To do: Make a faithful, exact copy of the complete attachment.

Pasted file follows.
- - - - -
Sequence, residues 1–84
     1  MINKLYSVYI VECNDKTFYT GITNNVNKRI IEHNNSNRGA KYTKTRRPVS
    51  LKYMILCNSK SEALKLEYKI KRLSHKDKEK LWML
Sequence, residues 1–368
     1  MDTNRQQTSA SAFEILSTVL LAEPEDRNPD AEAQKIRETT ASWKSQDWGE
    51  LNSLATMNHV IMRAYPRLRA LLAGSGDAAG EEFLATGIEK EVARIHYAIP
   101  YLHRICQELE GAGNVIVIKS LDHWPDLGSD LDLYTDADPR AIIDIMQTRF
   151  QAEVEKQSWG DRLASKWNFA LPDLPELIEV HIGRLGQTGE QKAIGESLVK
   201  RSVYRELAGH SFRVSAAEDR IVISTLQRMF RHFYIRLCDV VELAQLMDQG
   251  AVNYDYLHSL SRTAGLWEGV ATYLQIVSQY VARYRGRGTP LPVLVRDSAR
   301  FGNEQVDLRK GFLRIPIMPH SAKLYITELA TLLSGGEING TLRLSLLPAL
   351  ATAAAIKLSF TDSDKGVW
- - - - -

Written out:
Sequence, residues 1–84
     1  MINKLYSVYI VECNDKTFYT GITNNVNKRI IEHNNSNRGA KYTKTRRPVS
    51  LKYMILCNSK SEALKLEYKI KRLSHKDKEK LWML
Sequence, residues 1–368
     1  MDTNRQQTSA SAFEILSTVL LAEPEDRNPD AEAQKIRETT ASWKSQDWGE
    51  LNSLATMNHV IMRAYPRLRA LLAGSGDAAG EEFLATGIEK EVARIHYAIP
   101  YLHRICQELE GAGNVIVIKS LDHWPDLGSD LDLYTDADPR AIIDIMQTRF
   151  QAEVEKQSWG DRLASKWNFA LPDLPELIEV HIGRLGQTGE QKAIGESLVK
   201  RSVYRELAGH SFRVSAAEDR IVISTLQRMF RHFYIRLCDV VELAQLMDQG
   251  AVNYDYLHSL SRTAGLWEGV ATYLQIVSQY VARYRGRGTP LPVLVRDSAR
   301  FGNEQVDLRK GFLRIPIMPH SAKLYITELA TLLSGGEING TLRLSLLPAL
   351  ATAAAIKLSF TDSDKGVW